Garner's voice brims with girlish optimism, but her manner is unflinchingly direct, her gaze coming across the table with the ka-pow of a Serena Williams forehand. Not the teetering-on-heartbreak look she shot at Mark Ruffalo in 13 Going on 30; not the comely opacity of Alias's Sydney Bristow; not the breezy, toothy cheerfulness you've seen in photos of her and the family at the beach. She may look happy, yet knowing the paparazzi are always there "just nips away at anything you're doing, the small pleasures," she says. "I would give just about anything to make it go away, especially for my daughter. I feel like she has a right to her privacy, and it's kind of encroached on."
Nice she may be, but there is a certain steeliness to Garner. The planes of her face, the way they sweep back from her mouth, make her look like a lioness, defender of a brood. I ask the inveterate people-pleaser how she is at saying "no" these days. Without hesitation, she responds, "It got a lot easier once I had a kid."
Garner isn't a 20-something naïf anymore — that starry-eyed West Virginian who took ballet and studied chemistry and drama at Denison University before packing up and heading for New York in search of a stage career, only to discover (via a role in Felicity) that TV would make her a star. Now she is a 35-year-old woman, divorced (from actor Scott Foley), remarried to an actor with his own storied past. She spent five years headlining a high-profile TV series, carried a hit film (13 Going on 30), performed admirably in a critical favorite (Catch and Release), and even withstood a flop (Elektra). Now she's a mother. Not the résumé of an ingenue. It's why doing The Kingdom felt so right. "In the end, the character was not at all like Sydney Bristow," Garner says. "Alias had a fun, entertainment-y vibe to it. This doesn't have that at all. It's not slick." Garner thinks for a moment. "She's a grown-up."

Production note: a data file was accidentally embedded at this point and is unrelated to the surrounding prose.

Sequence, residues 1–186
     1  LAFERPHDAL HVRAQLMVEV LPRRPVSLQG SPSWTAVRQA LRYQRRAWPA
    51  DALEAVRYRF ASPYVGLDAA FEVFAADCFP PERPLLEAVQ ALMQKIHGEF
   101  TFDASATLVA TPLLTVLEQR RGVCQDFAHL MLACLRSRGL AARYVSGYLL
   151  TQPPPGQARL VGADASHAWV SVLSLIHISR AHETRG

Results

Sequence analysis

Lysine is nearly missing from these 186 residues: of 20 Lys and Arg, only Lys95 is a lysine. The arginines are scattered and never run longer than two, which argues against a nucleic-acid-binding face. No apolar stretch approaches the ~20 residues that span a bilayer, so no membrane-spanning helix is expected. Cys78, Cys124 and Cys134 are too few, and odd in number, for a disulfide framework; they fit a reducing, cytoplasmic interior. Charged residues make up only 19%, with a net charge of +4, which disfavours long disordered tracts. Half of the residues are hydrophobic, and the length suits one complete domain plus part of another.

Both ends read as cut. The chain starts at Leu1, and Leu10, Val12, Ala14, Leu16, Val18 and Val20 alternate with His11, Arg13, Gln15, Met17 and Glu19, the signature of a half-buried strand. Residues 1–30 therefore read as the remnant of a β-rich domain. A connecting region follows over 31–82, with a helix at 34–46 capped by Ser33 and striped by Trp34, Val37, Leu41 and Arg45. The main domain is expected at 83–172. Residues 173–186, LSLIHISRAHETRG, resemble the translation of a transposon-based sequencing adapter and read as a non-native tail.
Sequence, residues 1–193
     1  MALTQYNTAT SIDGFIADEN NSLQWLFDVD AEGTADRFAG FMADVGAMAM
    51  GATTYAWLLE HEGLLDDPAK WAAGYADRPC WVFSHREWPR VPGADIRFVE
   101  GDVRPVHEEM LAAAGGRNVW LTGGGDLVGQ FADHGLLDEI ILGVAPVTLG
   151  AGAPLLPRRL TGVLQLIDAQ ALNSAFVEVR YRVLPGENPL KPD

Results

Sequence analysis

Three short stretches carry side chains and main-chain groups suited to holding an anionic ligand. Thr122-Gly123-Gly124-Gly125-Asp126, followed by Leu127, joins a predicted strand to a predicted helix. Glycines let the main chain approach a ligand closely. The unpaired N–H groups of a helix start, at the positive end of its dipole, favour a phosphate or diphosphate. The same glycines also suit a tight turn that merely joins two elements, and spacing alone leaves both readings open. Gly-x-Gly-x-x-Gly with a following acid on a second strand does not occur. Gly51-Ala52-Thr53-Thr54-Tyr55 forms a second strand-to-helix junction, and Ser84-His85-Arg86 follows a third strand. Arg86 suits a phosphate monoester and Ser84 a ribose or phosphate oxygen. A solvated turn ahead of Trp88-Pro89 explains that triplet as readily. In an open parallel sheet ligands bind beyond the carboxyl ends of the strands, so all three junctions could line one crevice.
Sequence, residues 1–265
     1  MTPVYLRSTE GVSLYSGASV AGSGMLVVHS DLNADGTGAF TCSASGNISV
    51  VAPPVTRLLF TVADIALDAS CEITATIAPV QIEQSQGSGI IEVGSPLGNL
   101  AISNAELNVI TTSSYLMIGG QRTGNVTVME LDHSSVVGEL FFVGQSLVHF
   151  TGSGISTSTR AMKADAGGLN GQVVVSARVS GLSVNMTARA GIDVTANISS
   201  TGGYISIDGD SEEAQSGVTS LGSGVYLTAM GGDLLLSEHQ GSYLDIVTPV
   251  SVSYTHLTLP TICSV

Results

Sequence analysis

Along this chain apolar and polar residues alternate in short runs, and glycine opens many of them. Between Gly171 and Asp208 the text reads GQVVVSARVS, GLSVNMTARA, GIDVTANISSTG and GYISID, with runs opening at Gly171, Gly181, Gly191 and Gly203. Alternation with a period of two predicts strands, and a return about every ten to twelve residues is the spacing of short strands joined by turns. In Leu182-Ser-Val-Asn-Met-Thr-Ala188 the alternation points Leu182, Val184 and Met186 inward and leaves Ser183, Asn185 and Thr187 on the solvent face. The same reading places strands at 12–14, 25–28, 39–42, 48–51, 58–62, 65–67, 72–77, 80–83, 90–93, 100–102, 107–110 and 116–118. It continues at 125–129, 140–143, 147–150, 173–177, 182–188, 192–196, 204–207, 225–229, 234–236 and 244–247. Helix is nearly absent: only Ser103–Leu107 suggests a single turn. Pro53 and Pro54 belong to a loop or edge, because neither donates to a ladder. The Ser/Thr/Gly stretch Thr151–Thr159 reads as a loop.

With Garner, all conversational roads lead back to the best thing in her life right now: Violet Anne Affleck. "She's pretty awesome," Garner says. We're in that sweet spot before the terrible 2's. She sleeps till 7! Yeah, we lucked out. Supposedly [when] you have one that's this easy and great, you're screwed the next time around."
Garner says she gets to be with the baby during the morning four out of five working days. "Then I put her down for her nap, I run out and have a meeting, I run back. Sometimes I get home before she's even woken up."
It's not hard to imagine the clan expanding someday. "We definitely wonder what it would be like to have another — hopefully, knock on wood, someday," she says, predictably giving the tabletop a rap. "My job is great to have as a mom. I get to take long breaks and then work in a really concentrated way. During that concentrated time, it sucks, but whatever."
The extra pregnancy pounds took some getting used to, especially for someone who had years of rigorous dance training, whose roundhouse kick on Alias was a thing of beauty. "I wasn't a woman who stayed tiny like I thought I would," she says. "I definitely gave myself the freedom to eat what I wanted. I thought, Oh, it's going to drop away; I'll have another cookie. Next time around I won't need to go quite that hog wild. I did not have a huge baby, and I was ginormous!"